As any long time reader of this blog will know: I really wish more board games were available on the PC/Kindle Fire/Android Device and as a general rule of thumb I’d consider myself a fan of Stone Blade Entertainment, the guys behind Ascension and Solforge. Now part of what made Ascension such a big hit was that it had a really good IOS version, and they’ve started a Kickstarter to finally bring it to other platforms. I highly recommend you check it out and pledge money; it is well on its way to hitting its goal but the rewards are all worth taking a look at regardless.
Last week I wrote about how changes to the redemption policy on MTGO would most likely adversely affect the market. I touched upon the issue of 4 packed sealed but didn’t really think about its implications. It is far more innocuous in its effects but they are already being seen and could be far more problematic, far sooner.
4 packed sealed was exactly what it sounds like: sealed but with 4 packs, people liked it cause it was a decent price and if you were good it was a good way to approach going infinite. Even if it was more luck dependent and milling was really good, it wasn’t inherently evil. One of the biggest points about Magic is that it is many games under one umbrella so more formats isn’t a bad thing. It was discontinued last December cause of the aforementioned play issues; most people actually saw it is a matter of WotC trying to make more money. In its place they were replaced by Phantom Sealed events. To their credit they quickly fixed the payout of these events to actually be a fairly good deal. The problem is what they take in, specifically only tickets.
The problem arises in that they pay out in packs, but there aren’t as many limited events firing now that require packs. Meaning that supply is steadily increasing while demand is at best staying the same. The problem being that all events pay out in packs; tickets are gold and packs are individual currency tied to it. The problem being that since all prizes are in the form of packs it means that the value of constructed events is decreasing. Which in turn means that the cost of cards will decrease. Adding this to what I outlined last week creates an additional layer to consider. It could help in creating a new market that is sustainable and avoids the pitfall that I outlined last week or it could have no effect on the larger trends happening here.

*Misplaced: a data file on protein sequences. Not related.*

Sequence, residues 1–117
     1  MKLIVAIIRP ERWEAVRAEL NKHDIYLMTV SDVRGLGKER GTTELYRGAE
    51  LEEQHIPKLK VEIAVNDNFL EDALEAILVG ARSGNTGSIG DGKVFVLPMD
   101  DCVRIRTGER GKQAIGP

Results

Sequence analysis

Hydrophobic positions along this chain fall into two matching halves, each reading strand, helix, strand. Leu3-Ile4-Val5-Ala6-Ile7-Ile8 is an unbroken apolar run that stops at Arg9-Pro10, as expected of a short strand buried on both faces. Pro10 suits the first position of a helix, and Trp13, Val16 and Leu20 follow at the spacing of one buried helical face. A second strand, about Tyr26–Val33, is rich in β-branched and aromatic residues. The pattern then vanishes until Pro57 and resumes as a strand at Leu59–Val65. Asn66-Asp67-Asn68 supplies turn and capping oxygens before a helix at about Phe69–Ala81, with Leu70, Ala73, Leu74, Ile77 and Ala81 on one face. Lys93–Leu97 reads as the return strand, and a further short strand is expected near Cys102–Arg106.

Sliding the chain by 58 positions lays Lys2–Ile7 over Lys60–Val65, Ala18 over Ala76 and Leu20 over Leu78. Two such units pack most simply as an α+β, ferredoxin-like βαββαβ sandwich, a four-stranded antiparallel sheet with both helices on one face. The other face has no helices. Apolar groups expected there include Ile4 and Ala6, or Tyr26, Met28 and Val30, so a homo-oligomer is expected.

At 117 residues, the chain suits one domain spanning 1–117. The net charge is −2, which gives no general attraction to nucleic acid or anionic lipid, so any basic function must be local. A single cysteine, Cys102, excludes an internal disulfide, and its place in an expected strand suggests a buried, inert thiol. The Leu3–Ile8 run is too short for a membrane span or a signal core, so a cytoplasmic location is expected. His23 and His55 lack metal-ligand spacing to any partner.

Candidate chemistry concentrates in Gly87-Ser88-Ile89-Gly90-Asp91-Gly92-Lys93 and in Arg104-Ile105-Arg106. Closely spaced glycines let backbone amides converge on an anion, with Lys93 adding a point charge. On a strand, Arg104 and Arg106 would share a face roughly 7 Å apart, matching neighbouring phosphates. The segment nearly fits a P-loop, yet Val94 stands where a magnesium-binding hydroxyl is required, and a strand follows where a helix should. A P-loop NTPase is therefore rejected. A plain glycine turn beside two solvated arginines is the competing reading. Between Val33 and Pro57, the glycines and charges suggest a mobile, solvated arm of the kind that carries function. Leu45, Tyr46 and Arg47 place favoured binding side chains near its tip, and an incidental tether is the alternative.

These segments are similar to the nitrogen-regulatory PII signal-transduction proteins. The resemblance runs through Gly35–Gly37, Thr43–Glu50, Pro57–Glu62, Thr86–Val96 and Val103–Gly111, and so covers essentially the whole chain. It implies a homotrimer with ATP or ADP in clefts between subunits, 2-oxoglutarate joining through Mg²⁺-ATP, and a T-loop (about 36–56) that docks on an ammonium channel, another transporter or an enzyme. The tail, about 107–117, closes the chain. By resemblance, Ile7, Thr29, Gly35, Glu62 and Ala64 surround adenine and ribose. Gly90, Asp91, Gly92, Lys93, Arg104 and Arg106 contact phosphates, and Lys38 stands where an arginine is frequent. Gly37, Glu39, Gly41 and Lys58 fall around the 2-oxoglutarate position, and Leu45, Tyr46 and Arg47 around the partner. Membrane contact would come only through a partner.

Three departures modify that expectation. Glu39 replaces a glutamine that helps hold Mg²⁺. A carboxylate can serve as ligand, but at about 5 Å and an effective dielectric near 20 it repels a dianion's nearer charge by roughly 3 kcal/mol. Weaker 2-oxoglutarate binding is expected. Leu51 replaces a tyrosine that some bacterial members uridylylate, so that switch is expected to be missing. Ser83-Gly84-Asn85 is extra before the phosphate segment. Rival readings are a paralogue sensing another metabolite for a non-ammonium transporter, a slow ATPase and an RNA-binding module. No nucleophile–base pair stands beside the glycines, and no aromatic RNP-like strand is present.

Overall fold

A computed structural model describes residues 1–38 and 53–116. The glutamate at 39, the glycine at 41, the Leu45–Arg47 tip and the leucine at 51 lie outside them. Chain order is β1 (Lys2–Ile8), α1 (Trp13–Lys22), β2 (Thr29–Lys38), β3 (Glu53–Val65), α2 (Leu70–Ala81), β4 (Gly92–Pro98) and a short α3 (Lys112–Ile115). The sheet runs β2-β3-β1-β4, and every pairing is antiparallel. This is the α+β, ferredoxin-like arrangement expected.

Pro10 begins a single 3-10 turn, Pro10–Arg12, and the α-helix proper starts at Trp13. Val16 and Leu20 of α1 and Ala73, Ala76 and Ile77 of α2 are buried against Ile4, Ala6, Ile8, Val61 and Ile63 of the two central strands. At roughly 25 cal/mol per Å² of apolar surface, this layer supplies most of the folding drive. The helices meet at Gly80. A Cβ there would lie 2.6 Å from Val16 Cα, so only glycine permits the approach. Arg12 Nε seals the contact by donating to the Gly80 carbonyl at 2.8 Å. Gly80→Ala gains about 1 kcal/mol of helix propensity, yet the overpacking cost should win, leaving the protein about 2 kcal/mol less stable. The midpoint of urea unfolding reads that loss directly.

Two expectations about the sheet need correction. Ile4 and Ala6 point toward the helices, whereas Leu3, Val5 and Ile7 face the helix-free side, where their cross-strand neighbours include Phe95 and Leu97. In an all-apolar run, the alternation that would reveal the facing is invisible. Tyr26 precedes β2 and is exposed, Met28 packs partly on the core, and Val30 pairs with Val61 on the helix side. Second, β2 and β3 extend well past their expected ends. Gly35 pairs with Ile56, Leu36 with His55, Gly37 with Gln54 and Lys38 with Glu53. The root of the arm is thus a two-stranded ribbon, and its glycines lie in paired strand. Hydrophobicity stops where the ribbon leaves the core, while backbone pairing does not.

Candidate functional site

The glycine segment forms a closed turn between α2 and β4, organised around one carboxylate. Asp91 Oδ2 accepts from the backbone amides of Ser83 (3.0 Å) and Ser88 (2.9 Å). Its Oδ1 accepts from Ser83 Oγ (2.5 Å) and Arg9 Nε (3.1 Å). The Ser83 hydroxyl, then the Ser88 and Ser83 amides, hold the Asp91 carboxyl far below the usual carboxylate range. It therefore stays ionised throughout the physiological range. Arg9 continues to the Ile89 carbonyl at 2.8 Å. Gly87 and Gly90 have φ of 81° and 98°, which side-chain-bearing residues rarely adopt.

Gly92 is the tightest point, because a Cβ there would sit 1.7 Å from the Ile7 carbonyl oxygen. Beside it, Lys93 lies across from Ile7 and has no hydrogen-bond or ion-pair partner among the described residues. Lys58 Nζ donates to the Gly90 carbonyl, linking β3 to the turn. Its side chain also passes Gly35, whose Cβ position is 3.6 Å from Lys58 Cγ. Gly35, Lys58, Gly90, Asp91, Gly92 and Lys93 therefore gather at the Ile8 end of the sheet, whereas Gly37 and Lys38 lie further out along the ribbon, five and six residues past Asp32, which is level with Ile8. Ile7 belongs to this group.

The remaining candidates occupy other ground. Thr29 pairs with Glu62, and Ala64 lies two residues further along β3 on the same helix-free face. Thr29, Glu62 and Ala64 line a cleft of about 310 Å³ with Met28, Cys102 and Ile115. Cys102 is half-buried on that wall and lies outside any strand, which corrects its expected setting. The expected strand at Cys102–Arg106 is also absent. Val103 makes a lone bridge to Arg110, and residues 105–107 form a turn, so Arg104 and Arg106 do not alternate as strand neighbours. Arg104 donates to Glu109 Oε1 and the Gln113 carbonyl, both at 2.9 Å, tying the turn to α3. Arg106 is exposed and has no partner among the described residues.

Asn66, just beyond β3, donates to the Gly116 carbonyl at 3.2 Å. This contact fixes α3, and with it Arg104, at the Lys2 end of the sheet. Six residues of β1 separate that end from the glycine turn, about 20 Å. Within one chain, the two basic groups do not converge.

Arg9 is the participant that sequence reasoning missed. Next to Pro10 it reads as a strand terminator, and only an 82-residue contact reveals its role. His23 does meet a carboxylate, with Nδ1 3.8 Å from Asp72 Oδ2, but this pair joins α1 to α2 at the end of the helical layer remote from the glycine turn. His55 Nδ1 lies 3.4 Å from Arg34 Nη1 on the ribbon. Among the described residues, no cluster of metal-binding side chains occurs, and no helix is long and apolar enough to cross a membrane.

This could be fixed by allowing packs to be used as entry fee, but that’s unlikely to happen since Wizards isn’t actually gaining anything from that.
Regardless it is something to keep an eye on as it will have an effect going forward.
By any metric MTGO is a hugely successful program, the appeal of being able to play 24/7 with automated rules enforcement is an understandable one. Along side that are 1. being able to do Constructed for cheaper than in paper and 2. Being able to do limited events and grind out as much value as possible by winning and then selling any valuable cards. Said valuable cards had value because of bots who determined the market price in large part due to set redemption. WotC has announced that they are raising the price of set redemption by 400% from 5 dollars to 25 dollars starting with Gatecrash.
So what does this mean? As my friend Charlie, who blogs over at the Time Stream, gave me the proper economic term for this as a neoliberal market shock. In simple English this means that an unexpected factor has emerged which is going to shake up the market. It’s also not that hard to figure out how roughly this is going to play out. Given how important set redemption is to the MTGO economy as there are a number of people who redeem sets and use this supply to run their small or medium sized business(also known as not SCG is my understanding) means that set redemption isn’t going to be a dead letter, instead it just means that prices are going to drop in order to reflect this 20 dollar increase. This is going to create two effects to start with: 1. EV conscious drafters are going to draft less and 2. Constructed, specifically Standard might see an uptick in popularity as depressed card prices will cause more people to buy cards. However these in turn will have their own effects and can effect each other.